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Old 01-28-2010
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I have "sailed" twice now, and what I'm just dyin' for is an experienced eye to observe what I'm doing and say "you're hauled in too tight/too loose", "look at the tattletales", "you're pinching, fall off a bit" that sort of thing.

I made the boat go by reading books but I'm not a good sailor. I think there's benefit to a structured course. The trick is finding a good one.
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Old 02-19-2010
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Hi, I bought my boat about 15 years ago and started making mistakes right away. Then I joined a racing club and started learning to sail. You'll learn more in one year of racing than five on your own, plus it's alot of fun.
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Learning to sail is like learning most things. Sure you can probably pick it up on your own but it will take you twice as long if not longer and you'll probably develop a lot of bad habits.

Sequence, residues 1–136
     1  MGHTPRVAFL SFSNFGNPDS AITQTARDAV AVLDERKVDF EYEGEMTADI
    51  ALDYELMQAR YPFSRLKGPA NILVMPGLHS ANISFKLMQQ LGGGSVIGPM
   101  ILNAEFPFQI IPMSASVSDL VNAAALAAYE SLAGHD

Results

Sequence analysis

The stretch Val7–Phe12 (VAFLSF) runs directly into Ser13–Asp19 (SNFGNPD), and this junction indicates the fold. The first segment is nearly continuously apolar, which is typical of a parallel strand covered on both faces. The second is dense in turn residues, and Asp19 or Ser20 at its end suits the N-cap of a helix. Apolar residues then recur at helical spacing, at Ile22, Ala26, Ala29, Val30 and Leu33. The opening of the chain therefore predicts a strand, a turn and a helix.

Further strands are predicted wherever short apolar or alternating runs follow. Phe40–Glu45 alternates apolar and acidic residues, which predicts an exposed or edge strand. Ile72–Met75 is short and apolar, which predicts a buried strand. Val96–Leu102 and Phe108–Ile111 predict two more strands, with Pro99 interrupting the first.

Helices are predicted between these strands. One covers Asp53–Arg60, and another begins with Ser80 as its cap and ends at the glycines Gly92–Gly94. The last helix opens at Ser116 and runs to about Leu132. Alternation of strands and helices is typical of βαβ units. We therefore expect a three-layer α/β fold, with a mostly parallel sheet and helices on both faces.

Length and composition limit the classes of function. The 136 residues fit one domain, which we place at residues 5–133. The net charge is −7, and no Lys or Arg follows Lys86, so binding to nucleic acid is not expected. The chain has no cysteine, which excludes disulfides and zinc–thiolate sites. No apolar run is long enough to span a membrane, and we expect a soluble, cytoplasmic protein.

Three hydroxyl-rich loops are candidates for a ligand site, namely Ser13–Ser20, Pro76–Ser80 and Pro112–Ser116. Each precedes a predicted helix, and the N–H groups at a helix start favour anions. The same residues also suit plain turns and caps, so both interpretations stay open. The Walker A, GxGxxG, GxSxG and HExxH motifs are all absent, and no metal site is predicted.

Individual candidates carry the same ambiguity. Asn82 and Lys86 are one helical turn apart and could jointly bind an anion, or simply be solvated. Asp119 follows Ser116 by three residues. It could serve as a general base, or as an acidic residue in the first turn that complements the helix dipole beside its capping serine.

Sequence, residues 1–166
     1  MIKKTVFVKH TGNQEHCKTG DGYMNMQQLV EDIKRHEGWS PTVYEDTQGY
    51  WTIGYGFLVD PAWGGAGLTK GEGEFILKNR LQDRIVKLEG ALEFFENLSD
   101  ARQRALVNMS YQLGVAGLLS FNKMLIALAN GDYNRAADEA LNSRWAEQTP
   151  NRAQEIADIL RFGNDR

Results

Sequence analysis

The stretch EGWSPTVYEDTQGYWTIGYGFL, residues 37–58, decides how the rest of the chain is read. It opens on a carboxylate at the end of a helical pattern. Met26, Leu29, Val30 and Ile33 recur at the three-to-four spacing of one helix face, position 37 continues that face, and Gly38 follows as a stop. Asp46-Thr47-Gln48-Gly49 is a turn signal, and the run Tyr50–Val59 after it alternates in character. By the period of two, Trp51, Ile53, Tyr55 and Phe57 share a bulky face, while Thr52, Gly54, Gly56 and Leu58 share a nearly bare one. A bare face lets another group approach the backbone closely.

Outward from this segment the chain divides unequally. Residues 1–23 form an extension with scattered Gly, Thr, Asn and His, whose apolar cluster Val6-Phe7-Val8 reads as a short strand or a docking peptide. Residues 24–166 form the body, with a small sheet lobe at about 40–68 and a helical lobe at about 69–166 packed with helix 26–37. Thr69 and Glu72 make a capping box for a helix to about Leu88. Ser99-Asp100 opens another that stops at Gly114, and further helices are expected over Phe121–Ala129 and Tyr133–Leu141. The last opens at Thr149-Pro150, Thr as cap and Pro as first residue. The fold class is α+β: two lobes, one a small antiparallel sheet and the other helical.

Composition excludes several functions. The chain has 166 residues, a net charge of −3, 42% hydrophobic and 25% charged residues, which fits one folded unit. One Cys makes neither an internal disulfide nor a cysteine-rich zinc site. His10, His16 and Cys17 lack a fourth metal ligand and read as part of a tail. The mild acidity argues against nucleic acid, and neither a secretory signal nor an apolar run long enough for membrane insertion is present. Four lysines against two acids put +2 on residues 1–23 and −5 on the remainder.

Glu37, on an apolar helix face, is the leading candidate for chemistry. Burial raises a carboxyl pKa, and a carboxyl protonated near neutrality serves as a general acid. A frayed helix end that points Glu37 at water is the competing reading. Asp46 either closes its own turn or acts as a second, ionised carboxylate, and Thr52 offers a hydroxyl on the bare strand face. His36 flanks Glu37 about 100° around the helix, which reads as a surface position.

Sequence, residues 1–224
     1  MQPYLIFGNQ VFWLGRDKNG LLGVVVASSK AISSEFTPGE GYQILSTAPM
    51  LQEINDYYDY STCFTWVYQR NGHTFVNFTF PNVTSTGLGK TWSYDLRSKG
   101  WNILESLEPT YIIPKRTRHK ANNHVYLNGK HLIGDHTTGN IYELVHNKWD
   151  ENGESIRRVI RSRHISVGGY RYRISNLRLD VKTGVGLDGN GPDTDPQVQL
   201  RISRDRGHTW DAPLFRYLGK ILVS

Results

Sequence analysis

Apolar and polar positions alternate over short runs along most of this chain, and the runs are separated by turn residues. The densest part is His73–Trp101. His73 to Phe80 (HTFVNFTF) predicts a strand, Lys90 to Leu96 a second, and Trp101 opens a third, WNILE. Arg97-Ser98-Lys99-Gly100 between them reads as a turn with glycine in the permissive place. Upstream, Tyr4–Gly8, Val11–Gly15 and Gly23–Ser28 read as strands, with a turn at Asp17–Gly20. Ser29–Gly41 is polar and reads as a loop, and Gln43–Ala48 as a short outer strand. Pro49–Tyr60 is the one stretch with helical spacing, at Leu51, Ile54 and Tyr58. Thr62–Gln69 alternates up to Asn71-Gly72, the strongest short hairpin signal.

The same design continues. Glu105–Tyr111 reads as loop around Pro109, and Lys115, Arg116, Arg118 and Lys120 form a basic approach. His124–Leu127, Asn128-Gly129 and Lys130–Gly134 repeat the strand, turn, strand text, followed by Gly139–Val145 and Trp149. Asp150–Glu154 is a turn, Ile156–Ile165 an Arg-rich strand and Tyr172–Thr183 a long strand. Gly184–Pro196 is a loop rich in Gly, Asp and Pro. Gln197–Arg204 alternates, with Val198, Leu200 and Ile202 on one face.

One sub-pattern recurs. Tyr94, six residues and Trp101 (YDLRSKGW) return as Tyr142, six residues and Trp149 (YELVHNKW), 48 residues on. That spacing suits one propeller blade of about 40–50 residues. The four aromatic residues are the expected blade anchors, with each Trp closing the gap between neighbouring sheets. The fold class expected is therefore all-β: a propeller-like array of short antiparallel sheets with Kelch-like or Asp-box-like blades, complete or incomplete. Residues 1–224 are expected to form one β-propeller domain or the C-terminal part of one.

Learning to Sail at a sailing school will give you the basic sailing fundamentals that you need to know to understand how to operate a sailboat on San Francisco Bay. Like anything you learn you need to practice to refine your skills and develop your self confidence. The first year you should sail as much as you can whether it's with friends, chartering, joining a club, racing, cruising whatever. It's the time on the water that will make you a better sailor. Racing is also a great way to improve your understanding of making a sailboat perform well. Most of the sailing schools on the Bay teach similar standards. Sailing fundamentals are sailing fundamentals and no sailing school has anything overly special about what's in their courses that differ much.
So long as the instructors are quality people who have experience, patience and make learning to sail safe and fun you'll have a great time. If you live in the south bay and you want to learn to sail the bay, Spinnaker Sailing in Redwood City is a fine choice. They have been teaching for over 30 years and have some great instructors. It's the same as when you were in grade school, high school or College the Instructor can make all the difference. If you want to learn to sail dinghy's then Shoreline Aquatic Center in Mountain View is one of the few places you can learn to sail a dinghy.
Don't listen to someone who tells you to just go out there and learn on your own. A bad experience can cost you severely. The Bay is not a place to play around in without knowing what you're doing.